Jarrett Fuller


Soundtrack to my Life

Nearly all day, from waking up to going to bed, I have headphones on with music playing. I’m obsessive about my music: how I listen, what I listen to, finding new music, and how I organize it. To wit, on Spotify I have almost 250 playlists. Some of these are favorite songs from favorite artists and others are favorite songs by genre. Over the years, I’ve made many curated mixes around seasons, feelings, or themes.

Most of these playlists, however, are the monthly music diaries I’ve been keeping for the last decade1. I got the idea from Frank Chimero, who wrote about it on his blog in the early 2010s2. He made monthly playlists where he collected songs he was listening to each month. I adopted the practice in January 2013 and just realized I now have ten year’s worth of music, organized by month.

The songs collected in these mixes are not necessarily favorites, though many are. They aren’t always the most listened tracks from the month either but rather the songs that catch my ear throughout the month: a track playing in a restaurant or store that grabs my attention, a song I can’t seem to get out of my head, a favorite from a new album, a surprise from a shuffle, or a song that creeps back into my the ears after years lost. More often than not, they are a collection of songs that make up the soundtrack to my life. Looking back over the last decade, these diaries have become a an audio journal of my life. To spend time in the archive, I can recall specific memories and feelings that might otherwise be lost.

Here are a few memories, pulled from tracks from ten years of music.

April 2013

I started this habit in the midst of a big life change: a move from New York to California and I was listening to a lot of music that was making me feel nostalgic. The Weepies’s track I Can’t Go Back Now feels like the soundtrack to this move.

August 2015

Another move: this time from California to Baltimore for graduate school. It was hot when I moved and I knew no one in the city yet. I spent the first week walking around my neighborhood alone listening to the new EL VY album.

June 2016

I was spending the summer in Brooklyn with my then-girlfriend, not wife, to work at The Whitney and participate in the Triple Canopy Publication Intensive. The election was heating up — no one thought Trump could win — and there was hope for the future. Waiting for E to finish work, I sat under the Brooklyn Bridge, this song played on repeat.

January 2017

Starting my last semester of graduate school, It’s snowing outside — a lot. I’m spending a lot of time alone, reading and writing, deep into finishing my thesis. The The is playing on repeat in the background.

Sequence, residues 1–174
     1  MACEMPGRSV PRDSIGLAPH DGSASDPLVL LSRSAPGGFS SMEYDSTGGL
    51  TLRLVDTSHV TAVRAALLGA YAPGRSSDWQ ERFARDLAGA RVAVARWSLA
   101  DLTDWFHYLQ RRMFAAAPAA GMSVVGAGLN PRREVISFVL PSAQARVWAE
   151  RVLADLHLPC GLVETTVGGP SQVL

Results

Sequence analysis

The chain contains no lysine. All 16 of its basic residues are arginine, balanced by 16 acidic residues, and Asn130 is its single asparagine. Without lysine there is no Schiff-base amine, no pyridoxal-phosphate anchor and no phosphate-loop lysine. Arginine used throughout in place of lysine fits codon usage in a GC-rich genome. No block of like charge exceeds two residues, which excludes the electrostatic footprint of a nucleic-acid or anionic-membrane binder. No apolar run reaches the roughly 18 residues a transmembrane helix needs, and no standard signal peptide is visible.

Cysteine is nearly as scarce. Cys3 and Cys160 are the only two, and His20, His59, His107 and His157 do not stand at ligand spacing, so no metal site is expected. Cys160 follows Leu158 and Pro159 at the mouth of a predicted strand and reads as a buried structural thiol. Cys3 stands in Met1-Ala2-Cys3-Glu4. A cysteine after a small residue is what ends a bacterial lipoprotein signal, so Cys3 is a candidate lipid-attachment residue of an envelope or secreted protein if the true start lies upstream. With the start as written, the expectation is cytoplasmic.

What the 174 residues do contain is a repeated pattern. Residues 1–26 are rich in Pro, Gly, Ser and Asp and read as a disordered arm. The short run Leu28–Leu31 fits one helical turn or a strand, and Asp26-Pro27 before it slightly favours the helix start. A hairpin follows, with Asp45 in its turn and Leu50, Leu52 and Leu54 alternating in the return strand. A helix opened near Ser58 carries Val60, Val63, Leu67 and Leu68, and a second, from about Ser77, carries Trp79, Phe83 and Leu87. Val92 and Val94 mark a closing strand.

November 2018

On a bus from New York to my parents’ house for Thanksgiving; recently found out we were having a baby. Chance the Rapper just released a series of singles and I’m listening to them on repeat. Each one feels like it captures how I feel in this moment: content.

June 2019

Summer hasn’t quite hit Brooklyn yet. We’re walking through Sunset Park, the sky is blue and the Manhattan skyline spans the horizon. Our baby sleeping in the stroller in front of us. Whenever I hear this song, I’m taken back to this moment — I can still feel the breeze hit my face.

February 2020

It’s bitter cold. Everything is grey. I’m waiting for the train so I can pick up my daughter from daycare. This song, from a new-to-me band, reminded me of the music I listened to in high school. It also anticipated how much the world would change in a few weeks.

December 2021

The coldest it’s been since we moved to Raleigh — a stark contrast from the heat of the summer. It’s rainy and I’m dropping off our Christmas tree to be turned into wood chips. We feel settled but we’d find out a few weeks later we were having another baby.

May 2022

I’ve started gardening. I’ve rediscovered my love of experimental and ambient music.

My musical tastes are all over the map, as seen from the above random selection. But it’s striking to see how they’ve evolved over the years, and even more striking to rediscover old tracks, tied to specific memories, that might otherwise be forgotten.

All my playlists are public on Spotify is you are interested. (I also make year-end favorites of new music.) This habit has become indispensable to my music-listening habits. I can’t believe it’s been ten years.

  1. First in iTunes, then on Rdio (RIP), and since 2016, on Spotify. 

  2. I can’t find his post anymore.